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How to Perfect an Elevator Pitch About Yourself


11:53 AM Monday May 4, 2009
Tags: Career planning, Communication

You're in the elevator with the hiring manager of Dream-Job PRODUCTS YOU MAY BE INTERESTED IN
Corporation. As the door slides shut, you feel a combination of
Marketing Myopia
adrenaline and slight nausea: you've got 15 seconds, if that, to
What business is your company really in?
communicate your value as a potential employee in a That's a question to ask before demand for
your products or services dwindles.
compelling way — just 15 seconds to cram in a whole resume's
worth of work and accomplishments and late nights and Breakthrough Ideas for 2009
successes. There's so much you want to say, but your message Today's most dynamic thinkers and innovators
live and operate ahead of the curve every day.
has got to be crisp, tailored, to-the-point. Handle this one right, Learn how to join them.
and you'll be the newest member of the Dream-Job team. Flub
it up, and you're back to scanning listings on Monster.com. The Five Competitive Forces That
Shape Strategy
What are you supposed to say?
Michael Porter's five forces reveal why
industry profitability is what it is.
Here are the five key things to know and do in order to make Search all of our products >
your elevator pitch successful:

Practice, practice, practice. Very few people have the oratorical power to make compelling 15-second speech
about their entire professional lives on demand and under pressure. Practice your speech 100 times — literally.
Know it, get comfortable with it, be able to tilt it effectively for a different audience. Practice your body language with
it: how will you give the speech differently sitting down vs while walking down a hall? How will it be different over the
phone vs in person?
Focus on impact. Two weeks ago, 60 Minutes aired a segment set at a white-collar job fair. One of the
interviewees, a laid-off Wall Street secretary, looked straight into the camera and said, with total conviction, "I can
make any boss shine." I wanted to hire her on the spot. Who doesn't want to shine? Describing the impact you've
had, and can continue to have, is much more compelling than talking about your number of years of experience.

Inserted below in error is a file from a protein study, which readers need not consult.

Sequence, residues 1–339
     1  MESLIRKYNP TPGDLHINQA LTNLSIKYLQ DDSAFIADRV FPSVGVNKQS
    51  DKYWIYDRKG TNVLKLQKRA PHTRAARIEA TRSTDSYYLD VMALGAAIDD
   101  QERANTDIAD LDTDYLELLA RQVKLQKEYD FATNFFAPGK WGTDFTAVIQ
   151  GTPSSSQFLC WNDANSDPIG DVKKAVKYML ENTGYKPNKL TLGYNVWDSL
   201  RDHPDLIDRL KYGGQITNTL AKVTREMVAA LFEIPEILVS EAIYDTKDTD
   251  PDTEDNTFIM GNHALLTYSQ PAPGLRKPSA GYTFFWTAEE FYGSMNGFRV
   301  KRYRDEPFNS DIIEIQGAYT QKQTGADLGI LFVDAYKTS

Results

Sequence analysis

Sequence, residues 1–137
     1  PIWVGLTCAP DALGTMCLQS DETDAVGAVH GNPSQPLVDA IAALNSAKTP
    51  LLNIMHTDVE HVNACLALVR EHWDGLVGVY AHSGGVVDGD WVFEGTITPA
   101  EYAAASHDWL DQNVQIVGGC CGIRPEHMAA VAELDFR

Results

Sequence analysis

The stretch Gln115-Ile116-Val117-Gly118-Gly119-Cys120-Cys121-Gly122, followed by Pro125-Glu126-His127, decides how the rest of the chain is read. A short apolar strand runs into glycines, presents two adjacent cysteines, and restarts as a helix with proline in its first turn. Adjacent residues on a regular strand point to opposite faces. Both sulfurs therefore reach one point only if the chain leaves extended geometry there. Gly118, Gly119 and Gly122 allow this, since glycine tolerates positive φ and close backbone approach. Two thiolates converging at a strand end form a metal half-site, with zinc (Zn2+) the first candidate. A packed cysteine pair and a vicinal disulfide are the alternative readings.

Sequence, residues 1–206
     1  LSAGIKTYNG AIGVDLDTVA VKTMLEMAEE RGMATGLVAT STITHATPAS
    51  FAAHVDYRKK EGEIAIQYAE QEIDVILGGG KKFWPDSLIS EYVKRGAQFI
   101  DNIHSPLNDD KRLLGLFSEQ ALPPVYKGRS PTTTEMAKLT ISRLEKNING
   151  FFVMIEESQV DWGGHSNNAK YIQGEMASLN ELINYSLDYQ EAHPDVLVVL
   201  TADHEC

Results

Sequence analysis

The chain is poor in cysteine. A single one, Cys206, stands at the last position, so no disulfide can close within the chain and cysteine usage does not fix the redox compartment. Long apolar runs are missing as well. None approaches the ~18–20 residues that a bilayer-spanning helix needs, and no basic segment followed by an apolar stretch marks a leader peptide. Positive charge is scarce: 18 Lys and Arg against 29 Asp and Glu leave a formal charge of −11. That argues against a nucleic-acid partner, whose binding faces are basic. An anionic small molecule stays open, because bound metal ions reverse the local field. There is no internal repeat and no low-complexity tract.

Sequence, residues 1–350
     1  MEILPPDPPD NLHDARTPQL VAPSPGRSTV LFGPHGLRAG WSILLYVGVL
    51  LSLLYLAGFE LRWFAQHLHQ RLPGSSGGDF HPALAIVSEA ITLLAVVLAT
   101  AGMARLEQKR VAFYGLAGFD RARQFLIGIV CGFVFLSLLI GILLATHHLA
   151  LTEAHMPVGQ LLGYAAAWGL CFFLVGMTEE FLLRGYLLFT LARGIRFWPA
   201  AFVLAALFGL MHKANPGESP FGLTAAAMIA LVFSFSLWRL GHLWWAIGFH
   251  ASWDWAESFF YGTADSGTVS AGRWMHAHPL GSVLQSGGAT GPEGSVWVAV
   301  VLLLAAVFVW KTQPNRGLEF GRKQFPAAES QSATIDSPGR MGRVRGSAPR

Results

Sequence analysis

Ditch the cultural baggage. A lot of us have been taught — by parents, teachers, or team-oriented corporate
environments — not to toot our own horns, and to use "we" instead of "I". Elevator pitches are all about "I". You've

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got to get comfortable with bragging about your own individual contributions (in a graceful way).
Be slow and steady. Whether out of nervousness or a desire to cram in a lot of information, people giving elevator
speeches tend to talk at breakneck pace — which is extremely off-putting to potential employers. Speak at a pace
that shows your calm and confidence. You want them to think of you as thoughtful and deliberate — not as some
manic babbler.
See the whole world as an elevator. Too many people looking for jobs save their elevator speeches for job fairs
and interviews. Remember the first rule of sales: ABC (Always Be Closing). Give your elevator speech to everyone
— at family gatherings, in the waiting room of the dentist, at coffee hour at your church or temple. You never know
where the next job is coming from.

How do you pitch yourself to prospective employers? What advice do you have for other people doing the same? What
works — and what doesn't?

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Bill Taylor
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Michael Watkins
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Michael Watkins Daisy Wademan Dowling
The Truth About Office Rumors
Daisy Wademan Dowling

***
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Comments

I love the comment "I can make any boss shine." That's great! She promised a benefit, which is a compelling
technique. Another suggestion is to make your elevator pitch about "who you are" vs. "what you do." Think about
powerful words that describe your personality and work style, such as "ethical," "driven," "collaborative" or "disciplined"

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that will allow the person to feel what it would be like to work with you. And finally, be passionate about yourself and
your career search, and make sure that passion comes through in your elevator speech.

- Posted by Sharon Reus


May 4, 2009 3:14 PM

Daisy,
Terrific example of the secretary who said, "I can make any boss shine." Could you give us more examples like this--a
one sentence encapsulation of what makes a job candidate irresistable?
Thanks

- Posted by Jane
May 4, 2009 4:47 PM

This is great guidance. Most importantly, be sure you know what to say if your 15 seconds turns into 15 minutes. It's
one thing to say I can make anyone shine, but if you don't know specific details (and have them equally well
rehearsed), you won't get to a more formal conversation.

- Posted by Scott Schnaars


May 4, 2009 6:36 PM

Jane,

Thanks for your comment and great question on what a makes a personal "headline" work. I think in order for a 1-
sentence encapsulation of who you are and what you can offer to really resonate with an employer, it needs to have 3
characteristics. 1. It needs to be utterly genuine. What do you think your value to en employer really is? What have you
been proudest of in your work life? What do you love to do? If you focus on those things, your energy will come
through. 2. It should focus on things that most managers and leaders find difficult, or grapple with. What thorny
problem can your particular talents solve? 3. It should paint a picture of a rosy future for the hiring manager him- or
herself, and/or for the corporation. Who doesn't want to "shine"?